SEO Is the Center of Ecommerce Marketing

Globally, 39 percent of all traffic comes from search: 35 percent from organic and 4 percent from paid. That means that nearly 80 percent of search engine users are bypassing the advertisements to focus on organic search results.

Natural search has become the doorway to your site. That door can open any page. We as digital marketers don’t control the conversation anymore — not even on our own sites — because we can’t be sure how much of the message visitors will see throughout their visit.

Natural search has become the doorway to your site.

Sites were once developed so that visitors would land on the home page and follow a prescribed path with tailored messaging along that path to a specific destination where they could convert. With the prevalence of search as a primary traffic generator, however, we need instead to infuse all messages into our search engine optimization work.

SEO and UX

Consider user experience, for example. It is now closely intertwined with search. Successful SEO relies on optimal architecture and taxonomy to ensure that the pages hold the content themes required to rank, and to ensure that the links between these pages flow the optimal amount of authority to the most important pages.

But it also works in reverse. User experience also needs SEO. Search provides an indicator on the specific desires that searchers have — which products they want to buy and what information they want to understand. That data, harvested from keyword research and analytics tools, guides the formation of the taxonomy and the page naming conventions, thus enabling fewer rounds of expensive and time-consuming testing.

Think of it this way: If 39 percent of your audience is going to engage with your content via search, you must ensure that your digital experience is optimally suited for those searchers.

Thus SEO needs to be carefully managed every day. Without constant tracking, planning, and optimization to keep it headed in the right direction — and to spot problems —  natural search performance can quickly collapse, especially with always-evolving algorithms.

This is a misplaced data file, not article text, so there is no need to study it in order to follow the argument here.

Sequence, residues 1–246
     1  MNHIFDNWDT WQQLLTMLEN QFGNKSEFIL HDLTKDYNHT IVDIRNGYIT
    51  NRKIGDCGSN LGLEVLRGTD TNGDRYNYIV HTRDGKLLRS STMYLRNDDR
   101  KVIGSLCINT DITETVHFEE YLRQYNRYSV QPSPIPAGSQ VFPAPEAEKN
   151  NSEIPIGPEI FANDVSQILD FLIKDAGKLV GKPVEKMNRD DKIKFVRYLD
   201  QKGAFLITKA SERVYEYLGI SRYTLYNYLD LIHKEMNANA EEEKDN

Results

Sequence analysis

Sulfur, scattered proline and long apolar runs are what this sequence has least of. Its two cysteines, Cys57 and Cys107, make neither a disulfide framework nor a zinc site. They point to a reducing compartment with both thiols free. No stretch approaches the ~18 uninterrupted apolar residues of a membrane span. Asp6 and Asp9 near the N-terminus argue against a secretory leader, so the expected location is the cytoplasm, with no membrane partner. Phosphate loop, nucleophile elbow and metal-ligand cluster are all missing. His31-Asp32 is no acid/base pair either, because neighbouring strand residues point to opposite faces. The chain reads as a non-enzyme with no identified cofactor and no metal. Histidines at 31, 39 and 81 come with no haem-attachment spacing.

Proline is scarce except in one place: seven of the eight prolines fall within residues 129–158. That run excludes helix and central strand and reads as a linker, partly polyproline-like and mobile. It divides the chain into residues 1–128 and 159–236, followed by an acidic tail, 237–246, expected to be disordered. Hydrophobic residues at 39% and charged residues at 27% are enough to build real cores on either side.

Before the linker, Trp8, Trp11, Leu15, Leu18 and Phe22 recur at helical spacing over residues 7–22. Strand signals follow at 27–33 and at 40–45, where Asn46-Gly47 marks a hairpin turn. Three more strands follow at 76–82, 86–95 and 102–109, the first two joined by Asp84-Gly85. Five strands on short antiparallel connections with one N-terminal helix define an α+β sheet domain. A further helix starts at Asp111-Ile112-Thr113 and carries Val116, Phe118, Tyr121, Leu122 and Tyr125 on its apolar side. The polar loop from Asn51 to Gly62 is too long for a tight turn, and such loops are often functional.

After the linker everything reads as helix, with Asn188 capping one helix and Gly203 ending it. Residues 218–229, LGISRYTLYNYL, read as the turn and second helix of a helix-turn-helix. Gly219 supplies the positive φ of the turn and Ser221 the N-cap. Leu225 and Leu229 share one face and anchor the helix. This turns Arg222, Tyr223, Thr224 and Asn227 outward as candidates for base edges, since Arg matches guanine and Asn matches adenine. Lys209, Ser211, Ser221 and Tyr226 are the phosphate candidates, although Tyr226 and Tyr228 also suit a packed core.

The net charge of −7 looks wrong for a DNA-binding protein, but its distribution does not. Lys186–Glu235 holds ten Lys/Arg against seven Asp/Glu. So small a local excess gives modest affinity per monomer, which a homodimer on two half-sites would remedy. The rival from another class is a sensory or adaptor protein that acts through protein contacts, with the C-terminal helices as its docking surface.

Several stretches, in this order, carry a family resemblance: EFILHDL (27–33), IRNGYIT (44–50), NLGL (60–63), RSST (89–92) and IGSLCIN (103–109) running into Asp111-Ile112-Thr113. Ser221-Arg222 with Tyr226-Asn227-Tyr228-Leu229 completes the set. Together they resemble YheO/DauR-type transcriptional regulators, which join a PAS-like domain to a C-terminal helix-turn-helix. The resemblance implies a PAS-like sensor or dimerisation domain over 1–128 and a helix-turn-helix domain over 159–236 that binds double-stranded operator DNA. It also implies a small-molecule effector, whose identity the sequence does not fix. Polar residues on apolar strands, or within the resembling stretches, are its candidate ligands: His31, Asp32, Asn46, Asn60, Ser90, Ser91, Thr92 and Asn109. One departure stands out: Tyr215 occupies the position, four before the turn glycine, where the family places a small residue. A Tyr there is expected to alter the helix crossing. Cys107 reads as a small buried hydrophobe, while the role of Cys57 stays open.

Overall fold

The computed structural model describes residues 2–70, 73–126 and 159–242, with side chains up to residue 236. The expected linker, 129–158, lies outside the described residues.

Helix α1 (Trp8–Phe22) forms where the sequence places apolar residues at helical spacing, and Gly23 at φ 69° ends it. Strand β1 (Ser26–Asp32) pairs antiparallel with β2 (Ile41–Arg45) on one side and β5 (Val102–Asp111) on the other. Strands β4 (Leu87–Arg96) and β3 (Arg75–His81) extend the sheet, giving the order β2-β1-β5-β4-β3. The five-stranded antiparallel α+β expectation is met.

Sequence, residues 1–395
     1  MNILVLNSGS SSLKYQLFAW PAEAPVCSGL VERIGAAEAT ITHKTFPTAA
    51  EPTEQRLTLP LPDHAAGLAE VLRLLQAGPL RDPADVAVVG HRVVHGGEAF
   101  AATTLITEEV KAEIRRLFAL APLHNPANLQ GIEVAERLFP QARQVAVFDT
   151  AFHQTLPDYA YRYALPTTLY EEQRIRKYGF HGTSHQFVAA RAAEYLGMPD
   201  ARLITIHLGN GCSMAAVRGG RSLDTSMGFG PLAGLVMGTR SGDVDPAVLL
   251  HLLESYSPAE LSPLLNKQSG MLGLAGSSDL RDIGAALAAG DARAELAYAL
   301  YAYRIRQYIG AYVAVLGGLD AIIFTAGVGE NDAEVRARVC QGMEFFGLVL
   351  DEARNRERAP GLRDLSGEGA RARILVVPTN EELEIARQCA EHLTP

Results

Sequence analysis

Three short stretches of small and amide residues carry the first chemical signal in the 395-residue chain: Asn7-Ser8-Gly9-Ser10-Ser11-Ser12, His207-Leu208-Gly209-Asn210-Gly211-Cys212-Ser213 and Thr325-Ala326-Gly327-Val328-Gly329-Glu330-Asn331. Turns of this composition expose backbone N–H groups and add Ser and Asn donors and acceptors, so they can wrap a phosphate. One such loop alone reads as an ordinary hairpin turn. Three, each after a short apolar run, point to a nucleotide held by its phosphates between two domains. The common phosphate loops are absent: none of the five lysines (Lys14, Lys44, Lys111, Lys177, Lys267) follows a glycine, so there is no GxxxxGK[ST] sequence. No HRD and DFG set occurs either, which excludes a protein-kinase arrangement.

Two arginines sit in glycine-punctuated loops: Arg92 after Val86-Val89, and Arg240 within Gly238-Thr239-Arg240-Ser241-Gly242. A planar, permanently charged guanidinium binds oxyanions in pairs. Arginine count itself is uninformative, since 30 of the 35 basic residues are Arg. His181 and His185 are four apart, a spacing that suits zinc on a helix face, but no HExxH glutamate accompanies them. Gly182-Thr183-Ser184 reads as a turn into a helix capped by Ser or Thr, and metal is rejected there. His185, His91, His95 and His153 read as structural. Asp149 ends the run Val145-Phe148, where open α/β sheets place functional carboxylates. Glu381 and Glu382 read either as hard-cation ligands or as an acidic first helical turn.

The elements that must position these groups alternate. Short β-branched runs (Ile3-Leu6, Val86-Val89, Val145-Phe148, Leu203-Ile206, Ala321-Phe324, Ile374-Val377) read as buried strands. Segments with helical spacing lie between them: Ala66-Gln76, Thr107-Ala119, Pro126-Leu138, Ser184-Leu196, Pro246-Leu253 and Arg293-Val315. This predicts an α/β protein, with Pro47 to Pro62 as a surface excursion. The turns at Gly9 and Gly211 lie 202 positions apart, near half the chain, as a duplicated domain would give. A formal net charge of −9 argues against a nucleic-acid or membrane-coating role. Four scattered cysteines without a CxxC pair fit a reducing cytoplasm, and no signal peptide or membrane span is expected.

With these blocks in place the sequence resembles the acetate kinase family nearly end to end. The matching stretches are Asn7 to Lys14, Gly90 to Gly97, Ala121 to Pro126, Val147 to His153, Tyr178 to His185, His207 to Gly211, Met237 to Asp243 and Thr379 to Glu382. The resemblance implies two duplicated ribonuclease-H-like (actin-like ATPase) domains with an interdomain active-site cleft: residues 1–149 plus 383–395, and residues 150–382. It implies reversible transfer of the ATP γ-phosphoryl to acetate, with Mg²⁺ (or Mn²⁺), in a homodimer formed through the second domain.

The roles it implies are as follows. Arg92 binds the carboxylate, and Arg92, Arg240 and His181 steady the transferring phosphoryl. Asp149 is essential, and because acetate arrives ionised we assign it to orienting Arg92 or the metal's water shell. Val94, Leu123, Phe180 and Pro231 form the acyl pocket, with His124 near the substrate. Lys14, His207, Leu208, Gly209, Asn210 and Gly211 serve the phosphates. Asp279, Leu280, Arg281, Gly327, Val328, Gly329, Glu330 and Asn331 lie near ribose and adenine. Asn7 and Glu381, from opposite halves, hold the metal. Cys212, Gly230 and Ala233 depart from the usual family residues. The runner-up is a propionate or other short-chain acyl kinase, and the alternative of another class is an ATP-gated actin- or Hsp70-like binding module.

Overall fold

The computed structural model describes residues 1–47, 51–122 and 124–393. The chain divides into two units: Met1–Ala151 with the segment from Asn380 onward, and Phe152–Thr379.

Google fields 95 percent of all of the search queries — 67,000 every second. Fifteen percent of those are new queries that have never been seen by Google before. Google alone has released more than 80 major algorithm updates since 2012. It releases minor tweaks at an average of two per day.

Multiple Teams

Today’s sites have massive amounts of content and interactive elements, driven by multiple teams that likely work in silos across the organization. Your IT team periodically updates the site. Your marketing team is working on campaigns and editorial elements.  Your merchandising team is rolling out new products to sell. Your content team is posting new articles and videos. All of that impacts the site’s organic search performance.

Today’s sites have massive amounts of content and interactive elements, driven by multiple teams …

The SEO team must interact with all of those teams and release schedules, to ensure that organic search considerations are integrated from the start. This will increase the likelihood of a positive search performance and decrease the reaction time if the performance is less than positive.

To be sure, SEO is not the only consideration. Other disciplines and channels should not bow to every SEO whim. But they do need to work together, though, so that one area doesn’t cancel out the others.

An ideal SEO solution may mean reworking a handful of product attributes on an ecommerce site to organize those items by trend, such as athletic shirts versus Hawaiian. The ripple effect on that SEO project would be enormous, impacting IT, user experience, design, operations, merchandising, copywriting, and necessitating the retagging of every product on the site. Nonetheless, it would be very helpful for SEO.

The Biggest Channel

The bottom line is that natural search is, or could be, your biggest marketing channel. It’s volatile unless managed carefully. Unpredictable changes in algorithms, searcher trends, and your own site make SEO complex. Give it the resources it needs to grow and remain healthy, and it will repay you.

Jill Kocher Brown
Jill Kocher Brown
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